Oracle says Google's own emails show its guilt
SAN FRANCISCO (Reuters) - An Oracle attorney cited emails between top executives at Google as prime evidence that Google took its intellectual property to gain an edge in the lucrative smartphone market, at the start of a high stakes trial between the two tech giants.
Opening statements between Oracle Corp and Google Inc began on Monday in a San Francisco federal court. Oracle sued Google in August 2010 over patent and copyright claims for the Java programming language.
According to Oracle, Google's Android operating system tramples on its intellectual property rights to Java, which it acquired when it bought Sun Microsystems in 2010. Google says it does not violate Oracle's patents and that Oracle cannot copyright certain parts of Java.
The trial before U.S. District Judge William Alsup is expected to last at least eight weeks.
Oracle attorney Michael Jacobs said Google took copyrighted Java "blueprints" to harness the creative power of millions of Java software developers, so they then could write applications for Android. However, Google never obtained the proper license, he said.
"You can't just step on someone's IP because you have a good business reason for it," Jacobs said.
Google's opening statement is scheduled to take place on Tuesday morning. Spokesman Jim Prosser said Google is confident in its defenses, and that Oracle's legal claims threaten the broad goal of making software systems work together smoothly.
Jacobs displayed several Google emails to the jury, which were relayed to the courtroom gallery on a high definition screen. In 2005, Android chief Andy Rubin sent one to Google co-founder Larry Page proposing to take a license to Java.
"We'll pay Sun for the license," Rubin wrote.
But according to Jacobs, a May 2007 email from Rubin to then-CEO Eric Schmidt shows that Google consciously decided against taking a license. Some spectators in the packed courtroom strained to read the email, displayed alongside photos of Rubin and Schmidt.
"I'm done with Sun (tail between my legs, you were right)," Rubin wrote to Schmidt. "They won't be happy when we release our stuff."
Google's Prosser said Java inventors cheered Android when it was released. But Jacobs told the jury that Sun executives were not happy behind closed doors, regardless of what they said publicly.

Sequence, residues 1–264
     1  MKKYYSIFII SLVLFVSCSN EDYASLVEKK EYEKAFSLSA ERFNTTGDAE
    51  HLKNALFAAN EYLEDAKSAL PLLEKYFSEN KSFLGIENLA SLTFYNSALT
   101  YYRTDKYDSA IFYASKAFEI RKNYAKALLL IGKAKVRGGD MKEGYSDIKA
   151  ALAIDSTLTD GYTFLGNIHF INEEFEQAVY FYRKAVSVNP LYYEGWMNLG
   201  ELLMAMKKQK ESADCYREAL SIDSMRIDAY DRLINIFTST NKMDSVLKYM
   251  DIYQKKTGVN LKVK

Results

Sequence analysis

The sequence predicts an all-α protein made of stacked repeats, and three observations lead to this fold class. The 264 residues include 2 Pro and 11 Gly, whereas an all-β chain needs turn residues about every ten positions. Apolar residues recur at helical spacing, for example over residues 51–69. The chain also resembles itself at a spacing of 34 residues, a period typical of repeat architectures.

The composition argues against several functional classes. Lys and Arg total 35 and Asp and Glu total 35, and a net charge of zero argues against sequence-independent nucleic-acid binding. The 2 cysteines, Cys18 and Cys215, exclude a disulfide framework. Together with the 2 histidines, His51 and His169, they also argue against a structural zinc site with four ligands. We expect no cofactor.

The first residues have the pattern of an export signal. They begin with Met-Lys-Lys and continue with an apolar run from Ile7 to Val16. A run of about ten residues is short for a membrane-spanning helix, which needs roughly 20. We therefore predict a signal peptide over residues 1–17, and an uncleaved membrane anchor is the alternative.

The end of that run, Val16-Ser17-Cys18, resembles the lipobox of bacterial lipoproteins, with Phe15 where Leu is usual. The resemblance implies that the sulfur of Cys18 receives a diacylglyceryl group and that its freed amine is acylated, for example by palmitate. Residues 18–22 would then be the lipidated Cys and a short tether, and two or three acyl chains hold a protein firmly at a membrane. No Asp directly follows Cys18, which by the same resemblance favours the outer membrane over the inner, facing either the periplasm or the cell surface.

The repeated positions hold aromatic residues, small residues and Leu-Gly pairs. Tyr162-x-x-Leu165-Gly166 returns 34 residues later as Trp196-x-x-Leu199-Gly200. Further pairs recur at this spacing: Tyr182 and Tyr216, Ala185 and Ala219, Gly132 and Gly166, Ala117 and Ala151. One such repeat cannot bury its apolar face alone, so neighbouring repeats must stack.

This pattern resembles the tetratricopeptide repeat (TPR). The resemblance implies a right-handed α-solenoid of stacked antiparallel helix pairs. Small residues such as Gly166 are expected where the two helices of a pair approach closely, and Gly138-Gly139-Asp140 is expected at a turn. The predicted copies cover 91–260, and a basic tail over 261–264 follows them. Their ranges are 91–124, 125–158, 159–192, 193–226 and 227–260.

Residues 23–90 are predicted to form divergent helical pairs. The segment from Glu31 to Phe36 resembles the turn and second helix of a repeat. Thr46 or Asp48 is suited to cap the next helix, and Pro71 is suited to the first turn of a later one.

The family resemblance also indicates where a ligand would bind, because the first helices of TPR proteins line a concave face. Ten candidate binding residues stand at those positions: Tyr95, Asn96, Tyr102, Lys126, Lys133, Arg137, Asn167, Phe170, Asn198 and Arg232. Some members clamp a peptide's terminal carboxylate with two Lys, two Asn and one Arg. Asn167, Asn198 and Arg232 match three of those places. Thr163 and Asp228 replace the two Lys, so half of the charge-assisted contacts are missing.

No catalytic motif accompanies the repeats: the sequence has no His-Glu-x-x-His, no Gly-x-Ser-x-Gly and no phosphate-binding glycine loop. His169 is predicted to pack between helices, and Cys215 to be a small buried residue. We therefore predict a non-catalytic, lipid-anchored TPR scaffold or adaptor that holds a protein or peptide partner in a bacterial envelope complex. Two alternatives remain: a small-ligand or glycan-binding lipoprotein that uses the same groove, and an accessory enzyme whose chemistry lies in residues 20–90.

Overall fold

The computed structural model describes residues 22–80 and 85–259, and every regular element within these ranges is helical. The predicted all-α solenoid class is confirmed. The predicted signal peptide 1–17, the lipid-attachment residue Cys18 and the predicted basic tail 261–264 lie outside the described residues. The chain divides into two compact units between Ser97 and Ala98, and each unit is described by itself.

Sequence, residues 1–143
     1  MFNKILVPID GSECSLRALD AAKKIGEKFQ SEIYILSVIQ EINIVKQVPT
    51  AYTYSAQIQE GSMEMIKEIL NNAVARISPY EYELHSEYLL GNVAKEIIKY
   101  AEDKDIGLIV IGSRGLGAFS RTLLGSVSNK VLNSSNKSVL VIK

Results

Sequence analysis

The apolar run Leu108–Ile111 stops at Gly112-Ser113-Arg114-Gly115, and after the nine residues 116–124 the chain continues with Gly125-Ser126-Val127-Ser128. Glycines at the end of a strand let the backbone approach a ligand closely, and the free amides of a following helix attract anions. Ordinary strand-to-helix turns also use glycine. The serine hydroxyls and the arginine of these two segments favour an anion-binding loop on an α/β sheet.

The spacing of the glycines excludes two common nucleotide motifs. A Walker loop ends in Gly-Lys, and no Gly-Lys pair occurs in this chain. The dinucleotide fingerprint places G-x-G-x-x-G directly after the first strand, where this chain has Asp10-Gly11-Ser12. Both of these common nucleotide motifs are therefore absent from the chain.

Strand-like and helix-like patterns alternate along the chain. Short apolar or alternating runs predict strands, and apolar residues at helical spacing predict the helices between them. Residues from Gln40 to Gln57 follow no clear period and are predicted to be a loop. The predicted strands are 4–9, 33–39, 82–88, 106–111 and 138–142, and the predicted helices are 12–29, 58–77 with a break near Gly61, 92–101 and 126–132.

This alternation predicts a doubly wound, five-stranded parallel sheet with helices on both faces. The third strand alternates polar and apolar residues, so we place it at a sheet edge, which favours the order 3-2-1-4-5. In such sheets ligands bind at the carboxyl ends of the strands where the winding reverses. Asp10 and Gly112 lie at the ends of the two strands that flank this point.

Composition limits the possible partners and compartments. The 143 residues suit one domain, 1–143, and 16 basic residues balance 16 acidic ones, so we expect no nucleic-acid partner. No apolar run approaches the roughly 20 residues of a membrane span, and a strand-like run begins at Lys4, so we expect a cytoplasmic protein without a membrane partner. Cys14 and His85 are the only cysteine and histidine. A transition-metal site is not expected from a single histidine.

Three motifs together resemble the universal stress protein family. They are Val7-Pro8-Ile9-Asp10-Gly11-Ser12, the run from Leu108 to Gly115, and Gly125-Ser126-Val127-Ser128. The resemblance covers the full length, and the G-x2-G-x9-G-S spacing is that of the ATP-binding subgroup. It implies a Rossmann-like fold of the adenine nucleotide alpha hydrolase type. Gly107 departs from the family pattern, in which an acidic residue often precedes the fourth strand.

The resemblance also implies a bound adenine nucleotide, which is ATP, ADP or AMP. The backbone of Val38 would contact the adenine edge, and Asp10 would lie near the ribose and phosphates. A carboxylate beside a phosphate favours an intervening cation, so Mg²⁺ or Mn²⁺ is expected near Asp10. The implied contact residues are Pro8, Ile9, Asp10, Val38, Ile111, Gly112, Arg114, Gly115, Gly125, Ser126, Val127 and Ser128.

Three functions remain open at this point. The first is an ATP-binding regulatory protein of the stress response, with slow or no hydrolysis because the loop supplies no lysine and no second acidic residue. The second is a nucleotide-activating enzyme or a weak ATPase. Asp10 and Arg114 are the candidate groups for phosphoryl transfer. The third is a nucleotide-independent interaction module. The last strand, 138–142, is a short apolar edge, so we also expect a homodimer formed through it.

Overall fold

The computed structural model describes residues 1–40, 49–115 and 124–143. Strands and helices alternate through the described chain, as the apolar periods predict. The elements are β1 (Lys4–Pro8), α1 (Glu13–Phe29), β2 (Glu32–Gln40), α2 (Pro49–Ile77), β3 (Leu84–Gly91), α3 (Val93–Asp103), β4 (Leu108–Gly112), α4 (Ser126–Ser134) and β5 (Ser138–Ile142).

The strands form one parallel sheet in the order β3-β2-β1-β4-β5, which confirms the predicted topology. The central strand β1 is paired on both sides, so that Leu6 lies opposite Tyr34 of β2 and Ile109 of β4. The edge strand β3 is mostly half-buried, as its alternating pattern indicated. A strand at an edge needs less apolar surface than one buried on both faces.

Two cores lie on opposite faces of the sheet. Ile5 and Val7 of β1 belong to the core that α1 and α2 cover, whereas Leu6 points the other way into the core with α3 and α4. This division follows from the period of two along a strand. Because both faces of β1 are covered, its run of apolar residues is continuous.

Before jury selection began, Alsup warned both companies that they should not expect to keep sensitive financial information secret.
"This is a public trial," he said.
Jacobs did not divulge any financial details about Android during his presentation on Monday.
Early on in the case, estimates of potential damages against Google ran as high as $6.1 billion. But Google has narrowed Oracle's claims to only two patents from seven originally, reducing the possible award. Oracle is seeking roughly $1 billion in copyright damages.
A retired teacher, a U.S. postal worker and a store designer for Gap Inc were among the jurors selected on Monday to decide the case. The seven-woman, five-man jury also included a retired photographer, an avid hiker and a nurse.
Jacobs told Alsup that Oracle's CEO, Larry Ellison, would likely be Oracle's first live trial witness. Ellison could take the stand as early as Tuesday. Oracle also said in a court filing on Sunday that it expected Google CEO Larry Page to be among its first witnesses.
Ellison will testify about the importance of Java to Oracle's business and the harm Android has caused the company, according to the witness list.
The testimony from Page, a relatively reclusive figure, could include details about Google's business plan and marketing strategy for Android, including the company's recent acquisition of Motorola, the witness list shows.
The trial will have three phases: copyright liability, patent claims, and damages. Page could also testify about revenue and profit projections for Android, including advertising revenue, the witness list said.
The case in U.S. District Court, Northern District of California, is Oracle America, Inc v. Google Inc, 10-3561.
(Reporting by Dan Levine; Editing by Richard Chang, Lisa Von Ahn, Prudence Crowther and M.D. Golan)
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